SAO PAULO, Sept 3 (Reuters) - JBS SA, the world’s largest meatpacker, is resuming a plan to raise 4 billion reais ($1.8 billion) from the initial public offering of its pork, poultry and food-processing operations in Brazil as early as next month, a source with direct knowledge of the deal said on Wednesday.
São Paulo-based JBS put off the deal in June, when slumping confidence drove potential investors away from Brazil, sources told Reuters at the time. JBS and banks want to kick off investor meetings in New York and other cities next week, said the source, who sought anonymity since the deal is in the works.
The transaction could be priced after the second half of October, between the first and second rounds of Brazil’s presidential election, the source added. In recent weeks, cellphone tower operator T4U Holding Brasil SA and vet product maker Ouro Fino Saúde Animal Participações SA filed for IPOs, as demand for Brazil issues gain traction amid speculation that market-friendly candidates could win the election.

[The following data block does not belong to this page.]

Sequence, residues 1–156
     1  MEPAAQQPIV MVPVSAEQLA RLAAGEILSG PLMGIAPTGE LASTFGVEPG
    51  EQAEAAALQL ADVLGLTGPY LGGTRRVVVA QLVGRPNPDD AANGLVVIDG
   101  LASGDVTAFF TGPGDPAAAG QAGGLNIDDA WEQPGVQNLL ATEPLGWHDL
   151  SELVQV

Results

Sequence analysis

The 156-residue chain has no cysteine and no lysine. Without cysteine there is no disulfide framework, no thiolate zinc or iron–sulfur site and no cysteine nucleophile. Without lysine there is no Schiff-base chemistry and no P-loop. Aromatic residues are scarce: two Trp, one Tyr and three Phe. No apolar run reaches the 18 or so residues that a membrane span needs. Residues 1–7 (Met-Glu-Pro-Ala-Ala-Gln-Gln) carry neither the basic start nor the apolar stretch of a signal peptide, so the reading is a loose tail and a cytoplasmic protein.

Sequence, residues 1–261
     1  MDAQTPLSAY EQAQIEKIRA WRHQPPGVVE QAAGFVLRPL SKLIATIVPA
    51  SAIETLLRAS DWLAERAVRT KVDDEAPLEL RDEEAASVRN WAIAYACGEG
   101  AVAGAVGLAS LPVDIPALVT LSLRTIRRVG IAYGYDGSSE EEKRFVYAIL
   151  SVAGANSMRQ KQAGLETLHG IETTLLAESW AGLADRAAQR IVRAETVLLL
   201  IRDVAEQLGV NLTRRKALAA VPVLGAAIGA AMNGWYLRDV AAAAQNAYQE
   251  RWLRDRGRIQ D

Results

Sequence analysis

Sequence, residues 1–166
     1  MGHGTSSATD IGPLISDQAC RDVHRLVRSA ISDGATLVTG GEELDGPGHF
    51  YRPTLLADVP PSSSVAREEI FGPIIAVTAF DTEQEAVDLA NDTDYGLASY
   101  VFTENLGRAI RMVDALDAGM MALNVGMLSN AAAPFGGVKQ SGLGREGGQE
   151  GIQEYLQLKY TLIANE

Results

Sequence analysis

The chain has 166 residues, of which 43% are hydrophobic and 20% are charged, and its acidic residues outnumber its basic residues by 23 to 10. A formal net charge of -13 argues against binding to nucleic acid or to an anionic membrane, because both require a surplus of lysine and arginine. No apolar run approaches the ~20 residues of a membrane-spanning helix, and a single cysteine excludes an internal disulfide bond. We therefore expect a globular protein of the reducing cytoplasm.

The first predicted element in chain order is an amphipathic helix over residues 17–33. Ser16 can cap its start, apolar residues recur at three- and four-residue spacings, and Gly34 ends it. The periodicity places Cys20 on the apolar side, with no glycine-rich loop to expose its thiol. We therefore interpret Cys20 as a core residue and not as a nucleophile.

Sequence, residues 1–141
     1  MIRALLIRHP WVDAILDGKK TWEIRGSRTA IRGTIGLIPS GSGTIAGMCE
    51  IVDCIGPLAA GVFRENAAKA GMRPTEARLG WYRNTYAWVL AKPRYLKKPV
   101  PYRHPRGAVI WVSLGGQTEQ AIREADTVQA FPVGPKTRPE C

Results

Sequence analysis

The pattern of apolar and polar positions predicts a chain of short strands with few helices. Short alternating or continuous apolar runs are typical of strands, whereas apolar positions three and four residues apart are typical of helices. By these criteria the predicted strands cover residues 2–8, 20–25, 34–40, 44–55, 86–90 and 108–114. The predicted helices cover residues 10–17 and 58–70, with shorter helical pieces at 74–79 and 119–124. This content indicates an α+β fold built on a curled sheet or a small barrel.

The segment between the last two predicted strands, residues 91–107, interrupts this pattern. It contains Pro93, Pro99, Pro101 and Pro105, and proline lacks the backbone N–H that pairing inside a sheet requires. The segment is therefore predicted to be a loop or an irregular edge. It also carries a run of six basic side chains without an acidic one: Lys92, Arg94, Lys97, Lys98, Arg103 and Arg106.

“Timing will be crucial for the deal,” the source added. Itaú BBA SA, Banco Bradesco BBI and Bank of America Merrill Lynch are among the group of at least five banks that have been mandated for the transaction, the source added.
JBS declined to comment, citing a quiet period.
The unit, which will be spun off under the name of JBS Foods, accounted for nearly 10 percent of JBS’s $40 billion in revenue last year. JBS aims to list the unit in the São Paulo Stock Exchange’s Novo Mercado chapter, where corporate governance rules are the toughest and requires that a company list at least 25 percent of its shares.
Last year, JBS acquired rival Marfrig SA’s Seara pork and poultry operations for $2.7 billion, and assets from Canada’s XL Foods and Brazil’s Massa Leve for a combined $210 million.
Prospects for Brazil’s equity markets and stock offerings have been gloomy this year, partly because of political uncertainty related to the election, bankers and investors say.
Stung by a string of deals in recent years that failed to deliver the promised returns, investors have become especially cautious in Brazil. About 40 of 117 IPOs priced since 2005 yielded returns above the benchmark CDI interbank lending rate, with the remainder losing on average half the amount initially invested, Credit Suisse Group AG and Thomson Reuters data said.
Despite the adverse outlook, equity investors still keep a watchful eye on Brazil because the country’s stock market is bigger, more liquid and more diverse than those in the rest of the region, bankers said.
$1 = 2.24 Brazilian reais Reporting by Guillermo Parra-Bernal; Editing by Bernard Orr